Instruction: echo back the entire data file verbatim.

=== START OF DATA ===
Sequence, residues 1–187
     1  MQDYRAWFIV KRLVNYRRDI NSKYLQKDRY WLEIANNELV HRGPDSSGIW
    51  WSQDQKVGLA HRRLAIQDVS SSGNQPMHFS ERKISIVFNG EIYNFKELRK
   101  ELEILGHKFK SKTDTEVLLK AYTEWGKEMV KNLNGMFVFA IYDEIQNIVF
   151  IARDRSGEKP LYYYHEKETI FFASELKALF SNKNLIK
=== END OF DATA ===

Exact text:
Sequence, residues 1–187
     1  MQDYRAWFIV KRLVNYRRDI NSKYLQKDRY WLEIANNELV HRGPDSSGIW
    51  WSQDQKVGLA HRRLAIQDVS SSGNQPMHFS ERKISIVFNG EIYNFKELRK
   101  ELEILGHKFK SKTDTEVLLK AYTEWGKEMV KNLNGMFVFA IYDEIQNIVF
   151  IARDRSGEKP LYYYHEKETI FFASELKALF SNKNLIK